We now live in a beautiful online world, where design is improving by the day. Great websites, photography, video, and design tools were once expensive, but that is changing fast.
One result is that audiences now have increasing expectations because their social media newsfeeds bombard them every minute with amazing-quality content. So are your team's online communication and storytelling evolving at a similar pace?
The lightning-fast spread of great video is proof of fast changes in online communication. Earlier this year in fact, Facebook founder Mark Zuckerberg said he envisions a time when most shared online content will be video.
After all, your phone today shoots higher-definition video than premium DSLRs from yesterday (and some today, too), so why not use it?
As video has spread, producers have figured out that we often want to watch muted video. So, as somewhere around 50-85% of videos posted to Facebook are now played without sound, producers now increasingly include subtitles and text overlays.
This is all a very recent evolution, and it is proof that our media consumption habits are changing quite literally month by month.
In all online communication, great design is now abundant, very often cheap, sometimes even free. Your team can start setting up accounts with apps and networks like Soundcloud and Youtube and Canva in the morning and have an incredible communication spaceship by the evening.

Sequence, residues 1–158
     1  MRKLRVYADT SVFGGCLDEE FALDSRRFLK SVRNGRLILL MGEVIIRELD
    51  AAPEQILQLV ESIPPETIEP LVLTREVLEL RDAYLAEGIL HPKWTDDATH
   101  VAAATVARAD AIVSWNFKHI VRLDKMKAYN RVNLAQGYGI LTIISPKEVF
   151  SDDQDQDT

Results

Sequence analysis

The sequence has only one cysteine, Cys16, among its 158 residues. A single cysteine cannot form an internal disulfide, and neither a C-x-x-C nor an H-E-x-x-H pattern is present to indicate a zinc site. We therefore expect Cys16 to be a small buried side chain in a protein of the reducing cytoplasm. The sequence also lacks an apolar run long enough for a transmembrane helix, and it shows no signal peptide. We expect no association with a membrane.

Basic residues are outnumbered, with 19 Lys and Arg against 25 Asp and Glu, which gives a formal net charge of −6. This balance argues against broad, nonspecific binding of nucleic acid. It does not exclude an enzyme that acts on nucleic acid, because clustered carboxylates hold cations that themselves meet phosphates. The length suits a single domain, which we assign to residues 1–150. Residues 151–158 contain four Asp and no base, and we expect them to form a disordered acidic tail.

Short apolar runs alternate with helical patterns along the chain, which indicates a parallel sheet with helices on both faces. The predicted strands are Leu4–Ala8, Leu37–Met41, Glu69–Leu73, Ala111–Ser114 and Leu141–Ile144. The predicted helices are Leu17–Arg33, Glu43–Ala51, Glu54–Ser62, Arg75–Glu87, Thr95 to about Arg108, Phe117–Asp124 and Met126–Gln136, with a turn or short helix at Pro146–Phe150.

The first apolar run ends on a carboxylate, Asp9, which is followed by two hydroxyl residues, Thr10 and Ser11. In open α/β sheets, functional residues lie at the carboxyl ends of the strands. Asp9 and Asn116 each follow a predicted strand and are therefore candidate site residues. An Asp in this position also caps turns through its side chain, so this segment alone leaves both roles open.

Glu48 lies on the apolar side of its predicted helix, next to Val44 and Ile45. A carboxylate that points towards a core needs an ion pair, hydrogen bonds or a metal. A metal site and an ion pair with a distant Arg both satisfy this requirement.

With these options, almost anyone on your team can now be a designer, creator, and storyteller in this beautiful online world.
Your team in this beautiful world
Is your team's online communication changing like your own media consumption habits? Or is it static while other teams (partners and competitors) explore wonderful communication and design tools?
To see how your team fits in, try starting with some simple questions about the ways you communication with your audiences:
- Your publications: how do they read / look? The trend is conciseness, plain English, shorter sentences, shorter publications, more imagery, more sub-headings, engaging titles, and a reading experience of fast scrolling and scanning. This is because, as a whole, we are more distracted than ever, and content producers need to cut through the noise.
- Presentations? All advice suggests you avoid large blocks of text on your slides, avoid reading from slides, and focus on imagery that enhances your spoken words. Cheap templates are easily available.
- Your phone: do you capture photo and video content with the amazing computer in your pocket?
- Social networks: have you found the ones that work for your team?
- Proposals: how does your team create them? Do you use tools for writing collaboratively and quickly so you can spend less time on formatting and version control and more time on planning and presentation?
- And finally: how do you tell stories of your work? Photography, video, animation, and podcasting? These are becoming easier by the day. Try them.
If your team's online communication is evolving slower than your audiences' communication habits, then you are gradually falling behind the curve, but you can change that easily.
Still, maybe your audiences' habits are not changing fast anyway, so you might not need to change your approach by tomorrow. By next month, though, change would help, and by this time next year, would be almost certainly necessary. So let's move!